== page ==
Hacking Into New Habits
As I write this, half of 2020 has gone and most of us spent the first half of the year dealing with the curve-ball of figuring out how to deal with the pandemic. self growth hacking habits
Now that countries are slowly opening back up, we are all trying to determine how to get our lives back to ‘normal’. During this period, some of us got more present to how lives can be reset. Others, like me, have formed bad habits that we need to work on eliminating.
In this lock-down season, I found myself gaining the bad habit of having a sweet after each meal, and more. Imagine 4 orders of 6 donuts in a month shared between two persons! This is probably my 2020 epic highlight of how I self-sabotaged.
Still, all is not lost and I am optimistic for change. Since we know how a habit loop works, it’s now possible for me to hack my way into losing the sugar craving.
And this is how I plan to hack my behaviour
1) Choosing a strong Cue
Remember that the cue is crucial as it forms a reminder to making the habit stick. This should be very specific. In this instance, I noticed that my sugar cue comes with finishing a meal so since I cannot avoid eating, I have left the cue as it is.
If you are looking to start a new habit, set up a cue that will help you trigger the routine you want to develop. It can come after a specific thing that you do on a daily basis. Such as after brushing your teeth or you can also set up an alarm in doing so. Better still, use an existing strong cue to jump-start your new habit loop. self growth hacking habits
2) Tweaking the Routine to make it more natural self growth hacking habits
Choosing a routine and sticking to it can be challenging. However, try different activities so that you can determine which ones make you feel better, and that you are more likely to stick to as a routine.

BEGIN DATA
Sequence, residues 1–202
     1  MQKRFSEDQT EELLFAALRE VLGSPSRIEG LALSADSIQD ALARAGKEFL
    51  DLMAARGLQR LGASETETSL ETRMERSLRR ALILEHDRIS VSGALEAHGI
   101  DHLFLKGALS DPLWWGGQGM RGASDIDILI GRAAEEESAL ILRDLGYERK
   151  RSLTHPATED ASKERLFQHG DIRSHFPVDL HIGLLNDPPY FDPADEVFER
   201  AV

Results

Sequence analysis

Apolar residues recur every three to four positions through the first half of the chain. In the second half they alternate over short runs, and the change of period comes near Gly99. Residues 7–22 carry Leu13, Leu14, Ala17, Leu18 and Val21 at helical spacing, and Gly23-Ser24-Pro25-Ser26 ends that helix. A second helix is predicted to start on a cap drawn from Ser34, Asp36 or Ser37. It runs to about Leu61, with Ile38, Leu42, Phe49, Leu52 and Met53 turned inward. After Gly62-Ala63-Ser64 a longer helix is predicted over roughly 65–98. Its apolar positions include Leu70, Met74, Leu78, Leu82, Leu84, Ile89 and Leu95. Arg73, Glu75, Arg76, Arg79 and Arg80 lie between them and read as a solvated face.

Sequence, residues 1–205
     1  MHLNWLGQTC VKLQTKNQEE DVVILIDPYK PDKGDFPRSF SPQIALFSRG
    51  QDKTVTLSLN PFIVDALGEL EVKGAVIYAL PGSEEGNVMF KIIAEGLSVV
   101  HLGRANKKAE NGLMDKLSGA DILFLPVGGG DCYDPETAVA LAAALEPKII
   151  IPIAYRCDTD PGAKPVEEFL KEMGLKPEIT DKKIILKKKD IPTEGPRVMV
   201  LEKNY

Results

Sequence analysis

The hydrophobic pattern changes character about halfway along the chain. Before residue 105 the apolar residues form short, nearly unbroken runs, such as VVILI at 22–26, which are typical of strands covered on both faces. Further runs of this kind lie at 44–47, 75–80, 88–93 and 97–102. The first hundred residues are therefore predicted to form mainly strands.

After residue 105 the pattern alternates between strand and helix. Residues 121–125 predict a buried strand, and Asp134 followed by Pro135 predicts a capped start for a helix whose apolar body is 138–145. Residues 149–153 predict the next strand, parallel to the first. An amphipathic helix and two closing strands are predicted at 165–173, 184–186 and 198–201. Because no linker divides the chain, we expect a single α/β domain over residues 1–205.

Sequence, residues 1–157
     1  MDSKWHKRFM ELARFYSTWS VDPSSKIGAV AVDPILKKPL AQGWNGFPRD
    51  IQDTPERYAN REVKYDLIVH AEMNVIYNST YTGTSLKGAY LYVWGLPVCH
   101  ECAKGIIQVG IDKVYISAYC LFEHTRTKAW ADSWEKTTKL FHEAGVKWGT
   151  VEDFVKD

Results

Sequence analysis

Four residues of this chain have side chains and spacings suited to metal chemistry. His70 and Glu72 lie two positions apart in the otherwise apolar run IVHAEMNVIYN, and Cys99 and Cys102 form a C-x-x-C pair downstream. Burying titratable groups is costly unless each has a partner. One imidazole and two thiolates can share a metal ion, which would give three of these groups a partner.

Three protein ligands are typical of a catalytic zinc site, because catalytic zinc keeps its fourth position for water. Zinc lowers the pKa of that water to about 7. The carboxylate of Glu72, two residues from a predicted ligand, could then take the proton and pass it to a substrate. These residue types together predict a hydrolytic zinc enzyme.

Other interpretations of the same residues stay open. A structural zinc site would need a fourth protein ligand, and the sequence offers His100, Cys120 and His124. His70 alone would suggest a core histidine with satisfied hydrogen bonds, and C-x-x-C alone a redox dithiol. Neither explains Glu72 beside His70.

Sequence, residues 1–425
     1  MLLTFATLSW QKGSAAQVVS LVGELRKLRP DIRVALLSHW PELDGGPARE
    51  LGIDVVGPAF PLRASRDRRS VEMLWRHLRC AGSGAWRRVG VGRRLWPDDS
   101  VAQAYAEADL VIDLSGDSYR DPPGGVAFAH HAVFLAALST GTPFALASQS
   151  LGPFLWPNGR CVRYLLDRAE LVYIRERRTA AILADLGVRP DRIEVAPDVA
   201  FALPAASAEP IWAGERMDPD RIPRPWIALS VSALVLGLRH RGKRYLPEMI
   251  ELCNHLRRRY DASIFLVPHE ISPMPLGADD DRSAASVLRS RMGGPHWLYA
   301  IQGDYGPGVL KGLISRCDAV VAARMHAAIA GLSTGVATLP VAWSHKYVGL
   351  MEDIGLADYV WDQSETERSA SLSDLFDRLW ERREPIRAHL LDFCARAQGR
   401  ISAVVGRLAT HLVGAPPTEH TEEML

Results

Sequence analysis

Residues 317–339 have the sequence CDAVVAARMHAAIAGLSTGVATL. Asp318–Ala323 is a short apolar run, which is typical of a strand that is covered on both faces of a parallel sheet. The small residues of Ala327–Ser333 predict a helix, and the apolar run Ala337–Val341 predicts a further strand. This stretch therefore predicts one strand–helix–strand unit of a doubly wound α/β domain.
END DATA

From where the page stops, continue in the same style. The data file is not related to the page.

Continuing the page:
Here, visuals help. I take advantage of the fact that our brains think in pictures to place at eye-level what I want in my new routine, and ensure that sweets are out of sight. That way I am prompted to act on my new routine, and I am also more likely to forget the old.
In my sugar habit, I have decided to replace the ‘after-meal’ desserts with tea and supplements. To make the routine more automatic, I set out the tea and supplements together with dinner so that after finishing my meal, it’s more natural for me to progress onto tea and vitamins rather than retrieve the desserts from the fridge.
3) Replacing the Reward
The reward needs to be clear and substantial. If you can build up anticipation towards the reward, that will be even better. Rewards are what closes up the habit loop, so it is important to get present to them.
Make tangible your reward by seeing it long before you enjoy it. This is so that you utilise the power of visualisation as another habit hack. Then when you enjoy it, savour that and use all 5 senses to enjoy it.
For my previous cookie habit, I realised that my cue was feeling sleepy around 3 pm. This then triggers me to go to the pantry for a cuppa tea and some cookies. While the sugar from the cookies was a welcome reward, I decided that another reward which I would equally value is a timeout from the computer to stretch my legs and freshen up. As such, I set out to form a new habit loop. In this instance, I used an alarm for 3 pm as a cue. I switched up the routine and enjoyed the new reward of walking and breathing in fresh air. I repeatedly got present to the new reward, even telling myself what a joy it is. That way, only after a few weeks of careful attention to the new routine, I start doing it unconsciously as a habit which is one far better for me.
It is not easy hacking habit so as with all changes, start small and slow. As Stanford Professor, BJ Fogg, calls it – work with “Minimum Viable Effort”
Make it tiny, even ridiculous. A good tiny behaviour is easy to do – and fast
I am going to continue hacking my sugar habit by chipping away at it little by little. The key is consistency. In the last 2 months, I have ‘downgraded’ from donuts to chocolates and now to the rare fruits after dinner. Through this process, I have also become more mindful to the different cues that I get for sugar. While I have adapted the new routine for most of these cues, I am still working to address the remaining sugar cues. Throughout this process, not only have I hacked my way into a new habit, I have also hacked the process of creating new habits by becoming more self-aware of what routines and rewards work best. These can help me in my other habit loops as I tackle the other goals I want to achieve.
How about you? Now that we have half a year left, what are some habits that you can hack into to achieve the goals you want?